Charles Stallings, dairy science professor at Virginia Tech, has been selected as associate director of Virginia Cooperative Extension for agriculture and natural resource programs, announced Steve Umberger, VCE director.

Stallings has been a member of Virginia Tech's faculty since 1979 and for the past 12 years has been project leader for Extension's dairy science programs. He also has been director of the Virginia Tech Forage Lab since 1991 and served as interim department head of the dairy science department from 2000-2001.

"Charlie Stallings brings years of leadership and experience to this position," said Umberger. "We are fortunate to have someone with his knowledge of and dedication to Extension's educational programs and to the agriculture and natural resource industries that we serve.

"He has been an outstanding performer in his department and the university and has provided leadership for many state, regional, national and international efforts," Umberger added. "We look forward to his strong leadership for our agriculture and natural resource programs."

Stallings, who will assume his new position on Sept. 1, has been involved in Extension's dairy programs since 1981 and has been providing leadership for those programs for the past 12 years.

He said that one of his goals in his new position will be "to help build our system back after the budget cuts we have endured in recent years. The agents in the field and our specialists are at the heart of the system that serves the agriculture and natural resource industries.

"My role will be to bring in good new people, as we can, and to help our existing faculty, here and in the field, to develop and deliver strong programs."

Stallings' own programs have been characterized by the use of emerging technologies, such as on-farm computers for ration formulation, computer feeding programs, usable software for dairy producers and consultants and an emphasis on forage quality.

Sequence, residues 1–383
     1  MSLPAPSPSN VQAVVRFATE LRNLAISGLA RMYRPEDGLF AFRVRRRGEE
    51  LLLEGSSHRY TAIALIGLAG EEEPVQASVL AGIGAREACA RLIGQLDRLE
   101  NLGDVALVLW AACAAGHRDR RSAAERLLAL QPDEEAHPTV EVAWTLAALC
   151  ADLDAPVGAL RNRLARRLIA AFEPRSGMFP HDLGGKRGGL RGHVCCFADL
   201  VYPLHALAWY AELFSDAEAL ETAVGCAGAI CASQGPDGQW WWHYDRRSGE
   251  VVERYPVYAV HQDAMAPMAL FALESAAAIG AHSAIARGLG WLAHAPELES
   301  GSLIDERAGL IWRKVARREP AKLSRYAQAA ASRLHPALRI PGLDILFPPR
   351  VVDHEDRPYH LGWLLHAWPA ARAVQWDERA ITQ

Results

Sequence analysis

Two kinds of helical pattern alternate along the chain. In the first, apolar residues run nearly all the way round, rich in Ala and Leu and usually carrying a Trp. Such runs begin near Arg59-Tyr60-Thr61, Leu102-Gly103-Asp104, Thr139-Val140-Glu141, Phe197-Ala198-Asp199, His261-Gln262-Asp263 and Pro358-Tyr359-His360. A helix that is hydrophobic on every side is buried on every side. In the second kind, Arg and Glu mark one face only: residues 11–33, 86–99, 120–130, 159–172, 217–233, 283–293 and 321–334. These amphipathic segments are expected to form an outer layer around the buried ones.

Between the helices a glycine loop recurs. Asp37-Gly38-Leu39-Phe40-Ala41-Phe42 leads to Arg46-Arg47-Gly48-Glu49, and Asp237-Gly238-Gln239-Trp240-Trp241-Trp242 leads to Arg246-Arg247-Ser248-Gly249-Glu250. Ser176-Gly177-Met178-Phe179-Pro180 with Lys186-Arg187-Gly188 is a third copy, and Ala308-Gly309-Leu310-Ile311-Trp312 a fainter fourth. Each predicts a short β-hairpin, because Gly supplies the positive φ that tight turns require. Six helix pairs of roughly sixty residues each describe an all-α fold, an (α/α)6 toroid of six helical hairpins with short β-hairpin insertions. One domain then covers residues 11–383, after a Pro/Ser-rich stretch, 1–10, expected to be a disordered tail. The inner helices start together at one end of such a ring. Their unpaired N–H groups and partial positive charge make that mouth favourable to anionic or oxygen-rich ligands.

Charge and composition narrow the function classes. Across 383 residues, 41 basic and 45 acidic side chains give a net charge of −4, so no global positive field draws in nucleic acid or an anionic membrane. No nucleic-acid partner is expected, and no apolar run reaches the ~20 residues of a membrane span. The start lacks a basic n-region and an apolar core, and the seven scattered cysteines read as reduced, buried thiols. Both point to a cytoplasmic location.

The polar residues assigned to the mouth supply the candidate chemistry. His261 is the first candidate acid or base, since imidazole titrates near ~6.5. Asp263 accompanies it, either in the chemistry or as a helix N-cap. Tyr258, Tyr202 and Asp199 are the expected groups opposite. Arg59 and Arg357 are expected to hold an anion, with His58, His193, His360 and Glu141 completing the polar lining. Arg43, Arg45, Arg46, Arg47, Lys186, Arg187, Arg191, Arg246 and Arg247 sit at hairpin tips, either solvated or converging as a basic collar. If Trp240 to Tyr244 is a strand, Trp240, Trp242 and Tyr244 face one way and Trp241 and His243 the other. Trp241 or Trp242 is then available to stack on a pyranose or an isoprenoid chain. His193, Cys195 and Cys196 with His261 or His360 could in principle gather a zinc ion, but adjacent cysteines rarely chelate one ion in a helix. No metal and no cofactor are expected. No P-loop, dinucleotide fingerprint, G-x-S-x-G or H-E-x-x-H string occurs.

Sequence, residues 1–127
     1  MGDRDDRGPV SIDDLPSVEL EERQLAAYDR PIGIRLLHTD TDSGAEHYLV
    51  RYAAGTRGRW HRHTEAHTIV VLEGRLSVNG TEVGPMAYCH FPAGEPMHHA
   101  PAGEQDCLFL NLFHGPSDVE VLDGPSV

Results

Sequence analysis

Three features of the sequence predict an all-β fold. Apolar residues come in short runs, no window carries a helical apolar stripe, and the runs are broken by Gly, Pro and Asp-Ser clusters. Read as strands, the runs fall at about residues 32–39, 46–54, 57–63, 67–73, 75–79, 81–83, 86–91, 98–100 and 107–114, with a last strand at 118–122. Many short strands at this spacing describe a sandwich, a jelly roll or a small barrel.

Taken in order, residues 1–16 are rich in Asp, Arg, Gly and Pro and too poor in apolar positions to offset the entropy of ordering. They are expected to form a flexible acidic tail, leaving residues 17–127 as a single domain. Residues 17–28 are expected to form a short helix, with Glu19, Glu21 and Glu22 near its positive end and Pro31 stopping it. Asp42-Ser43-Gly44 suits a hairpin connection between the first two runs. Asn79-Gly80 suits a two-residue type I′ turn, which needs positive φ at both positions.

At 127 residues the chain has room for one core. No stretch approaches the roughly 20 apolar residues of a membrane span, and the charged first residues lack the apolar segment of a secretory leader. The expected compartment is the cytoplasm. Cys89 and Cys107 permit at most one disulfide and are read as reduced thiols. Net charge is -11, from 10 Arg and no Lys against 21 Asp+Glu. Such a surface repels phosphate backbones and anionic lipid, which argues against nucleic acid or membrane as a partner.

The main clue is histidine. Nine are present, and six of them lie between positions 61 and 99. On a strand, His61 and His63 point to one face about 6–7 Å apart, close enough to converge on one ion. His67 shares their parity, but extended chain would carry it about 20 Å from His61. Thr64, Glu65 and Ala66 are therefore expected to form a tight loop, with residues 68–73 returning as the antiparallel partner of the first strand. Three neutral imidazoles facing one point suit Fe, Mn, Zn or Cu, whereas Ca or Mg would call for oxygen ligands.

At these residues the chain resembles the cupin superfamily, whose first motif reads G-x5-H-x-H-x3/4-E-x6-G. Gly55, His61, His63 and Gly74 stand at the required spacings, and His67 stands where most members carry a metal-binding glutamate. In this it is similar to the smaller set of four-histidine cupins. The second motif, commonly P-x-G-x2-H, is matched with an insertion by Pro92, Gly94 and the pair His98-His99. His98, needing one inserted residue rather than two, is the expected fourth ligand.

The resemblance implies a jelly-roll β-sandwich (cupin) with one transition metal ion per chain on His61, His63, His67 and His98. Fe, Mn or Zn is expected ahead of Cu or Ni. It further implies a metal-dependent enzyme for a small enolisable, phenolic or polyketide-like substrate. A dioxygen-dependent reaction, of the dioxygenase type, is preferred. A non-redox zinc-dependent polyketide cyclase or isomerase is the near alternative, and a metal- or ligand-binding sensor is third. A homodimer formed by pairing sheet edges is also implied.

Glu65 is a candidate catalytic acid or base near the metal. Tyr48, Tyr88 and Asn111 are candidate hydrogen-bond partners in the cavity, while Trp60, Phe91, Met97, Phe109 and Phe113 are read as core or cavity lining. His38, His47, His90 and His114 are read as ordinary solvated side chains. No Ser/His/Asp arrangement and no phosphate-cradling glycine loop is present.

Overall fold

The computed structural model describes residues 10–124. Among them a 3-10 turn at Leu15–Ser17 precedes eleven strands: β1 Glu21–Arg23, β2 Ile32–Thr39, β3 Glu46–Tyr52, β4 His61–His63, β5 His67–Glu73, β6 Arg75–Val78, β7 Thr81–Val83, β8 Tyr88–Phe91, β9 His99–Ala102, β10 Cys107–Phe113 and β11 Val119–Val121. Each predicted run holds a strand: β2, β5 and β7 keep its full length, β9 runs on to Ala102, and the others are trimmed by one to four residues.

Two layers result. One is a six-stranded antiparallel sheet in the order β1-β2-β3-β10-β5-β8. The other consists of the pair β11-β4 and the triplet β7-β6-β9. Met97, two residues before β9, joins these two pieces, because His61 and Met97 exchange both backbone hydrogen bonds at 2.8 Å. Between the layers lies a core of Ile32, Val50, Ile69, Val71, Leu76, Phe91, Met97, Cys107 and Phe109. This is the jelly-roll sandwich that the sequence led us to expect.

He also initiated a Feed and Nutritional Management Cow College short course that has attracted participants from five states. In 2001, the course served as a satellite downlink site for release of new National Research Council's Nutrient Requirements of Dairy Cattle.

Stallings has produced 28 Extension publications, 18 refereed journal articles, more than 165 articles in popular newsletters and trade magazines, more than 60 papers and presentations at conferences and conventions and 20 articles in conference proceedings.

He was awarded the Alumni Extension Excellence Award in 2002 and has been a member of the Extension Team Award winner in 1992 and 2001. In addition to numerous college, university and state committees, he has been director of the American Dairy Science Association's Production Division, chair of its Extension and Education Committee, and served two separate terms as President of the Annual College Dairy Feed Conference Board, which is composed of researchers and Extension specialists from the southern U.S.

He was one of six Extension Specialists selected from across the country to serve on the Dairy Records Core Parameters Nutrition Subcommittee.

Stallings has made more than 30 international trips to 16 countries to present information on dairy cattle nutrition.

He received his bachelors' degree from Eastern Kentucky University and his masters' and Ph.D. from Michigan State University. While at Michigan State, he was awarded a national Institute of Health Fellowship (1975-79).

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